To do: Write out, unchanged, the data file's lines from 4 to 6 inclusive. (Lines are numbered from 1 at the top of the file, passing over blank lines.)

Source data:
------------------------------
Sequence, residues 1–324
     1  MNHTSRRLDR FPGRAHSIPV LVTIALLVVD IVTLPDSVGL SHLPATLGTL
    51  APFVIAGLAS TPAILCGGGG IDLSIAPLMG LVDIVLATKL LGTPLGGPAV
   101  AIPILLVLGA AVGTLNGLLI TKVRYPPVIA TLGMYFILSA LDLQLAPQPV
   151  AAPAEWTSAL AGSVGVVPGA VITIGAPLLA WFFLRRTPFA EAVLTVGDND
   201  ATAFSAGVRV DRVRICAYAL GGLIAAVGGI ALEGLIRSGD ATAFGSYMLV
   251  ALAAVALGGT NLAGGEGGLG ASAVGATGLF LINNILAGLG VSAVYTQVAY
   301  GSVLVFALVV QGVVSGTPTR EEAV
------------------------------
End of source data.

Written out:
   101  AIPILLVLGA AVGTLNGLLI TKVRYPPVIA TLGMYFILSA LDLQLAPQPV
   151  AAPAEWTSAL AGSVGVVPGA VITIGAPLLA WFFLRRTPFA EAVLTVGDND
   201  ATAFSAGVRV DRVRICAYAL GGLIAAVGGI ALEGLIRSGD ATAFGSYMLV